Criterion Prediction #274: Goodfellas, by Alexander Miller
Director: Martin Scorsese
Cast: Ray Liotta, Lorraine Bracco, Robert De Niro, Joe Pesci, Paul Sorvino, Illeana Douglas, Samuel L. Jackson
Synopsis: As far back as Henry Hill can remember, he’s always wanted to be a gangster… Goodfellas is the story of the exploits of the aforementioned half-Irish, half-Sicilian gangster from his early days as a cab stand gofer to a professional thief whose life of crime isolates him in a world where extortion, robbery, murder, and various acts of violence are everyday facets of life. However, his hedonistic utopia comes crashing down around him and his lifestyle and elicit enterprising puts him on a crash course with the law and the consequences of betraying his friends.
Critique: Someone recently asked me a question that every film lover hates, “Qhat’s your favorite movie?” I scanned my usual list of greatest hits, Grand Illusion, The Thin Red Line, Alien, McCabe & Mrs. Miller, and The Red Shoes; sure, those are all indisputable classics, rightfully at the top of my headline list of favorites. But if I name the film I’ve seen the most, the one movie that always secures my attention, regardless if I pop in the Blu-ray, or if I catch it on TV 40 minutes into the runtime, it’s Goodfellas. Sure that would be the case for a few other titles but no other film can match the relentless wit, style, and propulsive energy that makes Goodfellas jump, flow, and captivate decades after its release. Like so many of Socrsese’s films, it revolves around all manner of debauched self-indulgent criminals, sociopaths and murderers.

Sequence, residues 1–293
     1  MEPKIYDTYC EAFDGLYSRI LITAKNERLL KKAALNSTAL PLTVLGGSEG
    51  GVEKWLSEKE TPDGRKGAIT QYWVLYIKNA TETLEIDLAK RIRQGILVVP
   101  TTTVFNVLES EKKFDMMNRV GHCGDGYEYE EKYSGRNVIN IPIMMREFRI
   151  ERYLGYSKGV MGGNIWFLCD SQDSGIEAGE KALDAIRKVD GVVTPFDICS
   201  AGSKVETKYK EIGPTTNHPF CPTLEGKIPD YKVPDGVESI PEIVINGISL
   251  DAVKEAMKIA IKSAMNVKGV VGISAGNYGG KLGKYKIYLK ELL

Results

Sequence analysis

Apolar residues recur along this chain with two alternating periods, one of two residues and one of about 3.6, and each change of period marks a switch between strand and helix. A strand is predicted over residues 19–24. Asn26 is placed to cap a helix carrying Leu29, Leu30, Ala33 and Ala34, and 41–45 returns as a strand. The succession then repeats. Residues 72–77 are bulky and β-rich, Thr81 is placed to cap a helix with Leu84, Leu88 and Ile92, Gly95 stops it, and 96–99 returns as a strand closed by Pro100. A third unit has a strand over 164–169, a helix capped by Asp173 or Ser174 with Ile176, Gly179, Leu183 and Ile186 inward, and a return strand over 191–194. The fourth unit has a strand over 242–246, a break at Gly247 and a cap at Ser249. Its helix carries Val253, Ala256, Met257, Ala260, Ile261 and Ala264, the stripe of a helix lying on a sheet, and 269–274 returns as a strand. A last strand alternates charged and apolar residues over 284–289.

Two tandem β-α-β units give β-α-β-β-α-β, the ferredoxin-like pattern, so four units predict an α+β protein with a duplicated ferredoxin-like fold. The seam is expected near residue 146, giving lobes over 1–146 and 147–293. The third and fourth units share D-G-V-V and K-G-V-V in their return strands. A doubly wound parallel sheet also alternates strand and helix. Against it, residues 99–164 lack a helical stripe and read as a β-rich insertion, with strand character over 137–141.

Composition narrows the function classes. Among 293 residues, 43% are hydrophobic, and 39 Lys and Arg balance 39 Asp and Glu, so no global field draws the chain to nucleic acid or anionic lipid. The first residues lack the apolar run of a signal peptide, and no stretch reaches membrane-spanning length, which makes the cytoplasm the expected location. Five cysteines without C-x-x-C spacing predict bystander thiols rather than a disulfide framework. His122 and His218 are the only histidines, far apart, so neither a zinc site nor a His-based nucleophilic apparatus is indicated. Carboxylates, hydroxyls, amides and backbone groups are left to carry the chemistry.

By the time Scorsese started developing Nicholas Pillegi’s book, Wiseguy, he was no stranger to organized crime or any of the diverse layers of relevant themes apparent throughout his work. The ideal of American enterprising, toxic masculinity, the machinations of the mafia and Italian American cultural mores were present through Mean Streets, Who’s That Knocking at My Door, and Raging Bull. He pushed into other, more challenging fare with the Kafka-esque dark comedy After Hours and he ever-relevant satire The King of Comedy–this playful thread is a primer to what fueled the likes of Goodfellas, Cape Fear, and Casino. But it’s the residual Paul Schrader influence that feels central to Scorsese’s post-Taxi Driver oeuvre. The emphasis on voiceover narration, not to mention Schrader’s Calvinist baggage bumping up against Scorsese’s Catholic guilt; it’s all a glorious recipe for bravura style and kinetic storytelling.
The brilliance of Goodfellas is its deceptive simplicity. Granted, it’s anything but simple with a nonlinear structure, a veritable grab bag of eye-catching visuals, juxtaposing ironic edits, freeze frames, a deep bench of musical cues and needle drops. There’s a whole mess of everythingness that doesn’t let up for a second. And that’s where you have to wonder, “With so much being thrown at the wall, how does it all stick?” The answer is simple; Scorsese doesn’t leave anything out. He shows us not just what Henry is saying but goes a step further by filling in any details, blank spots or omissions that Hill’s voiceover can’t satisfy.